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UNU launches new academic institute in Tokyo

Jan 18th, 2009 | By admin | Category: Featured Articles, In Focus


On 1 January 2009, the United Nations University formally established a new research and educational institute located in Tokyo: the UNU Institute for Sustainability and Peace (UNU-ISP). UNU-ISP was created by combining the research and training activities of the UNU Environment and Sustainable Development (ESD) Programme and UNU Peace and Governance (P&G) Programme, which since 1997 have functioned as part of UNU Centre – Tokyo, and the UNU Capacity Development Programme that was overseen by the Office of the Rector.

Conceived by UNU Rector Konrad Osterwalder, the establishment of UNU-ISP was formally approved by the governing UNU Council at its 55th Session in December 2008. The intent is to give an institutional identity and profile to the integrated academic activities of the ESD and P&G Programmes, as well as to clarify the structure and administrative/coordination role of the headquarters unit of UNU Centre. UNU-ISP, under the directorship of UNU Vice-Rector Kazuhiko Takeuchi, becomes the 14th in the UNU’s global network of Research and Training Centres and Programmes (RTC/Ps).

The new institute will provide a unique opportunity to exploit the strengths in natural sciences, social sciences and the humanities of the two former thematic programmes, and to create transdisciplinary synergies that can more effectively address pressing global problems of human survival, development and welfare. With escalating environmental issues (such as global climate change, the double energy threat and the looming food crisis) profoundly impacting human security, especially in the poorest countries, there is a need for an institute that can bridge the cross-cutting issues of sustainability and peace through a comprehensive and integrated approach.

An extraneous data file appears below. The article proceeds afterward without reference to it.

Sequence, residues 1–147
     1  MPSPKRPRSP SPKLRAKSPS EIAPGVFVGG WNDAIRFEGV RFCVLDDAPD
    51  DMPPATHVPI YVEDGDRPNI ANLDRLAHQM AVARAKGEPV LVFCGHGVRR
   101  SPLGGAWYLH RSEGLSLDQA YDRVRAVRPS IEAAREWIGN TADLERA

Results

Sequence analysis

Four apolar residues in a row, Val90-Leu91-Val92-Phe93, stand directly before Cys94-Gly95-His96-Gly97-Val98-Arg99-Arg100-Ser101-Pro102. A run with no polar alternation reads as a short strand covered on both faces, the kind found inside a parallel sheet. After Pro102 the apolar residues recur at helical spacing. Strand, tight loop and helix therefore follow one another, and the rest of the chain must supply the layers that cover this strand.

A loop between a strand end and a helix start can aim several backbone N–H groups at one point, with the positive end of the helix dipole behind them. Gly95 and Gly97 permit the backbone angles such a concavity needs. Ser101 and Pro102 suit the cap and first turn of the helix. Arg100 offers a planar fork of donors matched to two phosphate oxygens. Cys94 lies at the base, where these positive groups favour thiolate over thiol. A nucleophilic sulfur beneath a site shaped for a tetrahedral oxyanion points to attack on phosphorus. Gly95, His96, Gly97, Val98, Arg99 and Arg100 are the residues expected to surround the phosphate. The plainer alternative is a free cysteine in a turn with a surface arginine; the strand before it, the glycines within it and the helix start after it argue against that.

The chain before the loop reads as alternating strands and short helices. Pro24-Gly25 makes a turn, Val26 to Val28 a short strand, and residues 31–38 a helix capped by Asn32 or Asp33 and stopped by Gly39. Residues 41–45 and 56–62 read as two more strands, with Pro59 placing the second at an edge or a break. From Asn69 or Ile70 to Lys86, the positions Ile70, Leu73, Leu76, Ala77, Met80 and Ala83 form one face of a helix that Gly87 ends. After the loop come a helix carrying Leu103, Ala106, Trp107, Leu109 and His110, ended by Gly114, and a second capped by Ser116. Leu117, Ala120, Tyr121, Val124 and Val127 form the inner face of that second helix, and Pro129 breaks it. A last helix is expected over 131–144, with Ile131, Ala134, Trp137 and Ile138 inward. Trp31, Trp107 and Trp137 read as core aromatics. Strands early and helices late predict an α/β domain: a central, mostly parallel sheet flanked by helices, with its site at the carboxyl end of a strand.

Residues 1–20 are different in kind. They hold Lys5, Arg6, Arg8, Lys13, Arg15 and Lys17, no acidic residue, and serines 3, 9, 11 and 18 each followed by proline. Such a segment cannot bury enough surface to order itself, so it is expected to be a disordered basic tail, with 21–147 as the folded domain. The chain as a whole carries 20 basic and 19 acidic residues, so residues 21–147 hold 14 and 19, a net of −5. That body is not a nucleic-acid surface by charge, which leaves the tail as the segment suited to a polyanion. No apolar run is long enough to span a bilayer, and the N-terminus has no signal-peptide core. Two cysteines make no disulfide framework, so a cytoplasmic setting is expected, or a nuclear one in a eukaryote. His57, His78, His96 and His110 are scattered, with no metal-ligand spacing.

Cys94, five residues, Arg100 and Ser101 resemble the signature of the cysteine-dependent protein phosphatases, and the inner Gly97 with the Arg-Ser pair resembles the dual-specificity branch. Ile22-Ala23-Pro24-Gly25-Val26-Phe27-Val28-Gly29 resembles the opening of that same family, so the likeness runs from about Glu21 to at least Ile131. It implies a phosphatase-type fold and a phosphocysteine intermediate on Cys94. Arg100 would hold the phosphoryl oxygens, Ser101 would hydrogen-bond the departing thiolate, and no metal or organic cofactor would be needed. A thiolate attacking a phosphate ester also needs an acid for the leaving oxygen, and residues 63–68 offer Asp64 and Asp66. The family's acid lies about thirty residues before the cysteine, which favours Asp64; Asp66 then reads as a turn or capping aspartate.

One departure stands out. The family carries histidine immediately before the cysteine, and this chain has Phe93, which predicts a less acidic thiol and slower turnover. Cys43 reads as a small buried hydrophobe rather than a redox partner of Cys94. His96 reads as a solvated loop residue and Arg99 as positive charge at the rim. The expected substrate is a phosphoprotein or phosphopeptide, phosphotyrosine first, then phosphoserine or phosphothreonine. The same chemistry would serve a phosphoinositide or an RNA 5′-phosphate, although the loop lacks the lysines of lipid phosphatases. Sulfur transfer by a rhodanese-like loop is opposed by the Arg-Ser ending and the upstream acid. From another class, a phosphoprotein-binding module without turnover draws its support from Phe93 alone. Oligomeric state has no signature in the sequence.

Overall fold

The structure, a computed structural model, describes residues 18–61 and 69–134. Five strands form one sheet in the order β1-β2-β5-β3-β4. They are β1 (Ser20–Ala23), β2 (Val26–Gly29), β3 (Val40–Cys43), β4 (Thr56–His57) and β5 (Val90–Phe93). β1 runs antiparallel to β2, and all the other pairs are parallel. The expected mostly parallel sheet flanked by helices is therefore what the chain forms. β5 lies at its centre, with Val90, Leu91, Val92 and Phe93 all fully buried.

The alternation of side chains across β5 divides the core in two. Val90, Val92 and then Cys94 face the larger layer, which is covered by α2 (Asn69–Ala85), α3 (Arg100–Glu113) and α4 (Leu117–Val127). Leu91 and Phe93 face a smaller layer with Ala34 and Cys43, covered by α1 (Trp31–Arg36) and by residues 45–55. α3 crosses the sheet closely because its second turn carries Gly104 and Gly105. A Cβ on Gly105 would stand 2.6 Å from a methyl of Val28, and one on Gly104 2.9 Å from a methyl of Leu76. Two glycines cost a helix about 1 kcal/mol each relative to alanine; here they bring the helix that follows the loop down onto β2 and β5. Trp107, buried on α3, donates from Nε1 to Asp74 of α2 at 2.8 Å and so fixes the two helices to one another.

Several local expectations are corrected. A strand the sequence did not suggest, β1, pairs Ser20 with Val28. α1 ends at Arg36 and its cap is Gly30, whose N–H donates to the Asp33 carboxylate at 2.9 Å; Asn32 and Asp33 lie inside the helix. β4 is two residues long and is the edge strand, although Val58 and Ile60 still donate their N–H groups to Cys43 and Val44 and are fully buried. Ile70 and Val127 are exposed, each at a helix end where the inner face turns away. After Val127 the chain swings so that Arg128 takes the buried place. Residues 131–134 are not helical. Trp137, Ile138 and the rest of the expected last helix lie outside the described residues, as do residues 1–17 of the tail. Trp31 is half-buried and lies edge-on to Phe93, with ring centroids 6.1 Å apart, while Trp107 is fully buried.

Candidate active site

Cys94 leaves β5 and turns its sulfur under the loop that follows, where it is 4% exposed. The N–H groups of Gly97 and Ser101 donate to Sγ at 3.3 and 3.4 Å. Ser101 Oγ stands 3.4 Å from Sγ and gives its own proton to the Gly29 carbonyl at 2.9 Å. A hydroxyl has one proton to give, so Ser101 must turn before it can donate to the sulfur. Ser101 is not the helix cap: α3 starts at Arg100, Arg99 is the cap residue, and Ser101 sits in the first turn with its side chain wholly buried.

While there are hundreds of peace institutes and environmental institutes around the world, UNU-ISP is unique in that its innovative approach to sustainability combines both of these topics. UNU-ISP aspires to achieve a greater understanding of the broad, intersecting themes that extend across three of the most-pressing issues on the UN agenda — (i) global change and sustainability, (ii) international cooperation and development, and (iii) peacebuilding and security — and will actively roll out a series of research, educational and social-collaborative initiatives aimed at solving current problems and anticipating future challenges.

Under the “twin institutes” framework envisaged by the UNU Rector, by which each UNU institute in a developed country will work with a twin partner in a developing country, UNU-ISP will dynamically develop and engage in activities in Africa in partnership with the UNU Institute for Natural Resources in Africa (UNU-INRA), located in Accra, Ghana. A first step towards this envisaged twinning will be a jointly implemented project on Education for Sustainable Development, which will receive financial support from the Japan Ministry of Education, Culture, Sports, Science and Technology. Through this project, the UNU will serve as an intermediary to link relevant educational institutes in Japan and Africa, and will implement personnel development and educational programmes to support education for sustainable development in Africa.

In another initiative based on a decision by the 55th Session of the UNU Council in December, the UNU also is working to formalize the process for awarding accredited UNU degrees. UNU-ISP is already in discussions with top universities in Japan and other Asian countries for the initiation of joint graduate school programmes, and it is anticipated that master’s and doctorate degree programmes will be established at UNU-ISP in the near future. Such UNU-awarded degrees would be “transdisciplinary” in nature, with students taking courses on themes relevant to the UNU-ISP’s focus on sustainability and peace.

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